Fear is fueling the recession-can we calm it?

By Melissa Hankins - bio l email

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CHARLOTTE, NC (WBTV) - Half of us here in the country own stock, and many are relying on it for our future.

So when Insurance giant AIG reported the worst-ever quarterly loss in the country's corporate history yesterday, panic gripped the nation, and a truth became crystal clear...it's fear that's fueling the recession. On the stock floor, and in the mall.

"We've got to turn both the confidence of investors around, and we've got to turn the confidence of consumers around," says economist John Connaughton. Connaughton and his colleagues use polls to create a consumer confidence number that typically floats around 100. Right now, that number's at 25.

"It's never been this low," he says. "This is just absolutely a phenomenal number, and it basically says consumers are absolutely scared."

And so are the executives running our financial institutions.

"They're scared of not having enough cash to pass the stress test," Connaughton explains.

In fact, he says banks are so terrified of failing Uncle Sam's new test, they're stashing money to make their balance sheets look better...money they could be lending. In normal times, the entire banking industry keeps about $2 billion dollars in reserve.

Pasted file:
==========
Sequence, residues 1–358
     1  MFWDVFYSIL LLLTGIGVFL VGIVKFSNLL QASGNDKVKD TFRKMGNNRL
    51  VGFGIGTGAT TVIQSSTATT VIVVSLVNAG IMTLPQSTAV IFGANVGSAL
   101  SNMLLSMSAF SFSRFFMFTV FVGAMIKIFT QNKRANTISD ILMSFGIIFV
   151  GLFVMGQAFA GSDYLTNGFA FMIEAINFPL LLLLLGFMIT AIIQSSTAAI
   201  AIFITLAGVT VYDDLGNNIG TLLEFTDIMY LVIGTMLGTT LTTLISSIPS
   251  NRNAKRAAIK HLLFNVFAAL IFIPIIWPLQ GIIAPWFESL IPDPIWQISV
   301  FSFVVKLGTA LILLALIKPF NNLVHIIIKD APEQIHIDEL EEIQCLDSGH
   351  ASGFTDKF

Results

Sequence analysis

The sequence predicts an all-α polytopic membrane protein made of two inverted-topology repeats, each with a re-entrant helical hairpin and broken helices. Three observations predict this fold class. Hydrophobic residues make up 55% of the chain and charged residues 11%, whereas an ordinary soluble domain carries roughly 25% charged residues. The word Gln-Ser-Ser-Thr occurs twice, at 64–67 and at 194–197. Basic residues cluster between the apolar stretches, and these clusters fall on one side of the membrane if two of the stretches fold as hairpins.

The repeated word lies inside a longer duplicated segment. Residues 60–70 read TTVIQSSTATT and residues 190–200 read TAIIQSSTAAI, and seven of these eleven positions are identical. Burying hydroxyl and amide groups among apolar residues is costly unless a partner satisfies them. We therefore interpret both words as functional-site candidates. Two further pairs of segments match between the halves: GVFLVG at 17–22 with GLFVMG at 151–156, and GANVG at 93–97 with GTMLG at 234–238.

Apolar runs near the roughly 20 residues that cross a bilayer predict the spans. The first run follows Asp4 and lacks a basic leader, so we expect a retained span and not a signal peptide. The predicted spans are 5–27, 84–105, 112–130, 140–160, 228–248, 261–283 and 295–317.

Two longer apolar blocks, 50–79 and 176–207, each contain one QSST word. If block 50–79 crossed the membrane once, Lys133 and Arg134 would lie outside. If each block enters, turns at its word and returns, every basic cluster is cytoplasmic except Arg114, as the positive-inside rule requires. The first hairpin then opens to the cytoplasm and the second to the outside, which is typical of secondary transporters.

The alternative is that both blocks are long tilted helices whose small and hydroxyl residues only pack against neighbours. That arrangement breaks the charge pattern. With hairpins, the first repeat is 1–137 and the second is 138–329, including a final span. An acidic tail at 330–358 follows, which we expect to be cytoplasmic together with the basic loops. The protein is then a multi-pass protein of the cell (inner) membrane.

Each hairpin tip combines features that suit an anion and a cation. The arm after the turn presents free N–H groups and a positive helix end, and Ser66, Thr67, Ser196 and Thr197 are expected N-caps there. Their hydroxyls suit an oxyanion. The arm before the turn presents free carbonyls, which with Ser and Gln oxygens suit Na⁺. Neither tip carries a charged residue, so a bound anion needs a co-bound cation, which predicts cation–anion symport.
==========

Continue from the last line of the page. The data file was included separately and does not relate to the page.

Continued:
"Today it's 800 billion dollars," Connaughton says. "That's a phenomenal increase. It's a four hundred fold increase in the amount of reserves and they're doing it primarily because they're scared...and that money, that 800 billion, is sitting on the sideline. What you've got is potentially 800 billion dollars which could be loaned to people to buy houses, to buy cars, to create jobs.

You know all that money in the stimulus plan?

"That pales in comparison to this money that's being stockpiled on the side here that could be driving the economy," Connaughton says. "It doesn't matter what the budget is, it doesn't matter what the stimulus package is, it doesn't matter about the TARP program or anything else. Until banks start lending money and stop holding on to excess reserves the economy's not going to get better."